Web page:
Asymptomatic aortic stenosis patients are at low risk for sudden death

  • Lancellotti P & al.
  • JAMA Cardiol
  • 3 Oct 2018

  • curated by Jenny Blair, MD
  • Clinical Essentials
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Takeaway

  • Despite low overall sudden-death rates in patients with asymptomatic aortic stenosis (AS), those with very severe AS have higher mortality even after aortic valve replacement (AVR). 
  • Authors suggest close follow-up for those with moderate AS plus peak aortic jet velocity of ≥3.0 m/second or left ventricular ejection fraction (LVEF)
  • Trial comparing transcatheter AVR to surveillance is underway. 
  • Editorial: if validated, results could "influence decision making and the timing of surgical referral."

Why this matters

  • It is unclear at what stage to offer AVR to asymptomatic patients.

Key results

  • Mean follow-up, 27 months.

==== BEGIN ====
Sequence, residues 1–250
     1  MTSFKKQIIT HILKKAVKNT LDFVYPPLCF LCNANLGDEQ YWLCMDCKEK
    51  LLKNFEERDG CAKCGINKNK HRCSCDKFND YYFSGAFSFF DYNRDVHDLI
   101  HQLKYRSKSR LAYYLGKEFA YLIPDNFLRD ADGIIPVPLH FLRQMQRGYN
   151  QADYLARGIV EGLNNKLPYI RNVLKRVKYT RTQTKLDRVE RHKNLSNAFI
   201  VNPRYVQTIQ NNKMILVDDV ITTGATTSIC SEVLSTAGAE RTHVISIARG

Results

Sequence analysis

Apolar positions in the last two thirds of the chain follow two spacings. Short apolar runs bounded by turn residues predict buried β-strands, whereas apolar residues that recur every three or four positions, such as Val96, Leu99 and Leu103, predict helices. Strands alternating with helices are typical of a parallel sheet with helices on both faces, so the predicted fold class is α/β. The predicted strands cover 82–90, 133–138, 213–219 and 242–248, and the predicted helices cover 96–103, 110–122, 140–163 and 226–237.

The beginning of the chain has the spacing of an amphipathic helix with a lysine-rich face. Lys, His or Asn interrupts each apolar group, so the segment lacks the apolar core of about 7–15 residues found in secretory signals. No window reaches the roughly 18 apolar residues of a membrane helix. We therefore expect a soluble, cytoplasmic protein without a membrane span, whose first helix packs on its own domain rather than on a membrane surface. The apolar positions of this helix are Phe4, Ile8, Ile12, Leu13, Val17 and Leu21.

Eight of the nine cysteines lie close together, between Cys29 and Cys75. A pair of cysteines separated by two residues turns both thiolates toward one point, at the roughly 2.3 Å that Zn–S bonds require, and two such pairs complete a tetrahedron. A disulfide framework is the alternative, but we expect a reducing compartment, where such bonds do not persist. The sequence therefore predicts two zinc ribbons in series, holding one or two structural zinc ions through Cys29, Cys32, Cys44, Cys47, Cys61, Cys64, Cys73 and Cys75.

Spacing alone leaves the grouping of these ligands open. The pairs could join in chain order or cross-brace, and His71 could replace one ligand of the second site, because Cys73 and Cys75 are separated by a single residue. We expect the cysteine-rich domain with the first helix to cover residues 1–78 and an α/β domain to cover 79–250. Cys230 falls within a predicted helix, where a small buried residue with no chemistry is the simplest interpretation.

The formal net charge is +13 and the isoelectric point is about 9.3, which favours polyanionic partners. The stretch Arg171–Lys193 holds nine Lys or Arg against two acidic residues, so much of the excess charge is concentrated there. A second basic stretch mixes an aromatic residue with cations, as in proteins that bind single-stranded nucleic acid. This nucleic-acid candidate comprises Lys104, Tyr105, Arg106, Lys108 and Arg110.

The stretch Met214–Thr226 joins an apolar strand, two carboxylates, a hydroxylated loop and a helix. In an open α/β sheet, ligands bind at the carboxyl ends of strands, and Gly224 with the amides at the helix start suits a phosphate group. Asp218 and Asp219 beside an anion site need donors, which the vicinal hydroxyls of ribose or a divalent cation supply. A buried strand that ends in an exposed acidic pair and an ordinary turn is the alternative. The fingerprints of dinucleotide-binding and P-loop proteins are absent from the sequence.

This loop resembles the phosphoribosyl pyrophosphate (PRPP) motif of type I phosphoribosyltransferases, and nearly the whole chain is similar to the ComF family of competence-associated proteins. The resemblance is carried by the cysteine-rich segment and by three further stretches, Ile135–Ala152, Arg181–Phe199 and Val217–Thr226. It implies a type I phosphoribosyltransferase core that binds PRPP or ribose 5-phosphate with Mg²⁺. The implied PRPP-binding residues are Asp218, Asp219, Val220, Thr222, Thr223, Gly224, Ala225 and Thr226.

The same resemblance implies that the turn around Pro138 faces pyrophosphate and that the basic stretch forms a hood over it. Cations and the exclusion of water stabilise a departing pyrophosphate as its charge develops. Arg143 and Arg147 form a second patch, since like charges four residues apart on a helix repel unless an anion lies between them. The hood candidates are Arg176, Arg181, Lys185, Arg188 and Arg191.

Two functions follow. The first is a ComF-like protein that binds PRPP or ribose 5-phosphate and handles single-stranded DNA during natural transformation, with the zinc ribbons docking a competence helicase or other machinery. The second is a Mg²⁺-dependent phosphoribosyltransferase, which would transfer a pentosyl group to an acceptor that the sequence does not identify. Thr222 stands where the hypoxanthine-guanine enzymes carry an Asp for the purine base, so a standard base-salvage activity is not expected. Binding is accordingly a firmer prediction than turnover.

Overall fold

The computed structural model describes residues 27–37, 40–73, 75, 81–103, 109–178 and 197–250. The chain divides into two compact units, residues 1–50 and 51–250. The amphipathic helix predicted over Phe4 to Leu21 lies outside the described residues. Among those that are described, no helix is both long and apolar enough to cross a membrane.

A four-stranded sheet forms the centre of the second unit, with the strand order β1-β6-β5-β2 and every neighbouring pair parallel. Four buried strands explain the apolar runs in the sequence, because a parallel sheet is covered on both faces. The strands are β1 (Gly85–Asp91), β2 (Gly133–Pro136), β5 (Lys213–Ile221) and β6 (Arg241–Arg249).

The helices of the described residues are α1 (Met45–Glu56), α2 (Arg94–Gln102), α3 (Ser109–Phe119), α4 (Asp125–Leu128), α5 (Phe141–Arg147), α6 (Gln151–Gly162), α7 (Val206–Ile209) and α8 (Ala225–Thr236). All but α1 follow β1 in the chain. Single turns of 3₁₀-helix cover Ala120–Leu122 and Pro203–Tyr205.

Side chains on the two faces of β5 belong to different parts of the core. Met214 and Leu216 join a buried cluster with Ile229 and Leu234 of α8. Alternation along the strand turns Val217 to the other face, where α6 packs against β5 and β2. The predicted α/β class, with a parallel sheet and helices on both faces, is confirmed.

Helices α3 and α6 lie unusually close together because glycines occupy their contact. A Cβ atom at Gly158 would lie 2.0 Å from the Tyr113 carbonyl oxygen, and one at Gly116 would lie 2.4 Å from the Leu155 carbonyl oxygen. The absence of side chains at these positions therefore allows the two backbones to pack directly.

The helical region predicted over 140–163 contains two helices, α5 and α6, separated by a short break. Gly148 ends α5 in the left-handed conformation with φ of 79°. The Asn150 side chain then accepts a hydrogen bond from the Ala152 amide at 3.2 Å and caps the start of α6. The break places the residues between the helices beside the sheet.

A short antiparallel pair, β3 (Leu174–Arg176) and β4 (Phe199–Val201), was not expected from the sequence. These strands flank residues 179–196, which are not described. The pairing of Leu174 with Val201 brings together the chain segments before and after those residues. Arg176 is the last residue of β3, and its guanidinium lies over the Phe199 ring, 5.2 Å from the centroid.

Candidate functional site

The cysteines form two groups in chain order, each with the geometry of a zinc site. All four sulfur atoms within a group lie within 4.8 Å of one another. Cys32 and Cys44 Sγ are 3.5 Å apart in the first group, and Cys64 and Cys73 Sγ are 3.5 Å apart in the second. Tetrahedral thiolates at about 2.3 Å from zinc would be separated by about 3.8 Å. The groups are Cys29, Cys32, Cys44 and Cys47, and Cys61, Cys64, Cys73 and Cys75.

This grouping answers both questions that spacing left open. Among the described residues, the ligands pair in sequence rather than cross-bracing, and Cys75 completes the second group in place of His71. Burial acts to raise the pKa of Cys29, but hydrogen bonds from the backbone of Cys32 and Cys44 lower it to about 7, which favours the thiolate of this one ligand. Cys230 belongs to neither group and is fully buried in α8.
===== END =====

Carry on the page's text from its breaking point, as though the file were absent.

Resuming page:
• 39.4% underwent AVR; 30-day postprocedural mortality: 0.9%.
  • Survival at 2, 4, and 8 years (medical management): 
    • Overall: 93%, 86%, 75%, respectively;
    • Cardiovascular death-free: 96%, 90%, 83%; 
    • Overall, with baseline severe AS: 92%, 80%, 65%;
    • AVR-free, with baseline severe AS: 54%, 32%, 12%.
  • Sudden death: 0.65%.
  • With severe AS, peak aortic jet velocity >5 m/second and LVEF  

Study design

  • Retrospective analysis of Heart Valve Clinic International Database (n=1375).
  • Patients were asymptomatic at baseline with AV area ≤1.5 cm2, LVEF >50%.
  • Outcomes: AVR, survival, natural history.
  • Funding: None disclosed; authors report industry ties.

Limitations

  • Progression rate not monitored.

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